A well-designed and -constructed nestbox, on the other hand, is beautiful in a utilitarian sense. Underlying the box’s simple exterior are a host of special design features that have taken many years of trial-and-error experimentation to discover. All cater to the needs of the particular species and include a correctly sized entrance hole, a sufficient interior floor size to accommodate eggs and nestlings, and sufficient depth below the entrance hole to help thwart potential predators. Drainage holes, a drip edge, a roof overhang to shed water, and ventilation holes are among the other, more subtle features that will contribute to a successful nesting season in your box.

Good nestboxes should be of sturdy construction and made from at least ¾-inch-thick (1.9 cm) untreated lumber. The natural cavities that birds use for nest sites have a rough interior surface that provides plenty of footholds for young birds. The nestbox should mirror these cavities. If the box is deep and smooth, a series of horizontal grooves cut into the wood below the entrance can make it easier for the young birds to fledge.

Access to the box should be easy, to facilitate nest inspection and maintenance. The best-designed boxes have a roof that detaches for inspection and a side panel that pivots out for cleaning. Box sides should have ventilation holes or spaces, and floors should have drainage holes. Young birds will suffocate if the box is too hot, and drown or die of hypothermia if they are wet. Native cavity-nesting birds do not need perches to enter nestboxes.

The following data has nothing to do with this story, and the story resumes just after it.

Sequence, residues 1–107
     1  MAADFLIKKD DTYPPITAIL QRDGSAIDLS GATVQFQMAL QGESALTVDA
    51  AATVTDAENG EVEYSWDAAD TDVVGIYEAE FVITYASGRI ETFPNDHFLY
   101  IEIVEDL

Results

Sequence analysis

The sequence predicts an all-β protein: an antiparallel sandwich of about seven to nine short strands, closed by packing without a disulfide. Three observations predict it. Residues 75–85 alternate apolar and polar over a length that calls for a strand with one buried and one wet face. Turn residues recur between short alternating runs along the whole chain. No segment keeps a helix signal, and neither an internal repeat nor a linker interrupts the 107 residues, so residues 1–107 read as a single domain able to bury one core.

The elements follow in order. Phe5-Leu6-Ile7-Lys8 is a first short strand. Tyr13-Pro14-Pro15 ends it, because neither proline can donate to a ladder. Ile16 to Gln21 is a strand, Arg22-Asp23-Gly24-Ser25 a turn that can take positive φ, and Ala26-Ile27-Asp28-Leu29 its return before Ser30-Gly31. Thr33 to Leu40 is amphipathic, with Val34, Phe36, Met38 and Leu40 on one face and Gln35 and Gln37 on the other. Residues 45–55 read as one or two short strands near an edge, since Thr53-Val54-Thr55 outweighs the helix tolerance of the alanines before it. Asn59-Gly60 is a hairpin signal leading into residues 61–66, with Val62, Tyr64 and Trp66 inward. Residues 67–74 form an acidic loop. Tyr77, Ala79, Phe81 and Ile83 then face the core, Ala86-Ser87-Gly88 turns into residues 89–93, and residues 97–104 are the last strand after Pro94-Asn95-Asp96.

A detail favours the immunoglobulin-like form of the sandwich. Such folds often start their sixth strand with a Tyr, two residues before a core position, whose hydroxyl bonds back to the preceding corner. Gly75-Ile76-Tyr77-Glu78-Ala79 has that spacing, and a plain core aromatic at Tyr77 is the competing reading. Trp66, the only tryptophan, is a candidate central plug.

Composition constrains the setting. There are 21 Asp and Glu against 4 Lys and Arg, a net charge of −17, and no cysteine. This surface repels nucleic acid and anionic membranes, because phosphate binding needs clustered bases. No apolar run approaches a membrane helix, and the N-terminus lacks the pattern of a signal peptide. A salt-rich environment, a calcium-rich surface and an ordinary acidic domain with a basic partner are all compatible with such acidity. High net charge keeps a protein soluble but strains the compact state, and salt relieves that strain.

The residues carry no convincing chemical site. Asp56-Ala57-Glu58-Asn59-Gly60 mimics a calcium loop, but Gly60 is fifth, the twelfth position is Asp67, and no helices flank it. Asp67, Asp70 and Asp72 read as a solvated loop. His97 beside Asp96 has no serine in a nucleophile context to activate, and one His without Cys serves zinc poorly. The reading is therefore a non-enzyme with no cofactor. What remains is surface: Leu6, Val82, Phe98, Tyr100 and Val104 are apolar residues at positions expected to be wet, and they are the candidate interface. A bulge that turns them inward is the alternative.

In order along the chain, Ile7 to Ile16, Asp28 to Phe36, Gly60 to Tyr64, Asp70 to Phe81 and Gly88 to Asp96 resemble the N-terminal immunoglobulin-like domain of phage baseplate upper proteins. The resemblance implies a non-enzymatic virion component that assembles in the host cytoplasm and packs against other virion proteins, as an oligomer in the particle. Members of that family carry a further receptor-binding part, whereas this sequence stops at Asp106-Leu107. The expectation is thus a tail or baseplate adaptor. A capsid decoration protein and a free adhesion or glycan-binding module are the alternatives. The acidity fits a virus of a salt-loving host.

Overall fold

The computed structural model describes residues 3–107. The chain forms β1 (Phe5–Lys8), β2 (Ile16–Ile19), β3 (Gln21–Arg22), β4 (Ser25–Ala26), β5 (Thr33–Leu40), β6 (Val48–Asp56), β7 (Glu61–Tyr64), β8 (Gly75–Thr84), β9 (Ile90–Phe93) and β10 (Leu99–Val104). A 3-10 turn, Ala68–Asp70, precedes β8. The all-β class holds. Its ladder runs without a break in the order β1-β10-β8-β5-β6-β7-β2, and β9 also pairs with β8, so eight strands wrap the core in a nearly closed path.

The nestboxes described in this bulletin are relatively easy to build. Most will attract a variety of birds, although some are specific to one species. Whether you are an experienced woodworker or a novice, read the directions for assembling the box you have chosen to build and study the accompanying illustrations. If you follow the step-by-step instructions, you will build a nestbox. Of course there is always room for experimentation, but once you find a design that works for your target species, stick with it—and enjoy. Few things are more satisfying than watching a pair of our native songbirds going about the business of rearing the next generation in a nestbox that you built!

The Best (and Worst) Lumber


On Sale
Jan 8, 1999
Page Count
32 pages

Christyna M. Laubach

About the Author

Christyna M. Laubach is a high school science teacher in western Massachusetts. She is the co-author of Raptor!

Rene Laubach has served as Director of the Massachusetts Audubon Society’s Berkshire Wildlife Sanctuaries since 1985. He is the co-author of Raptor! and lives in western Massachusetts.

A former horticulturalist for White Flower Farm, Charles W.G. Smith has also been an instructor of vocational agriculture. He has written about gardening and environmental issues for more than a decade. He is the author of The Beginner’s Guide to Edible Herbs, The Weather-Resilient Garden, and Raptor!

Learn more about this author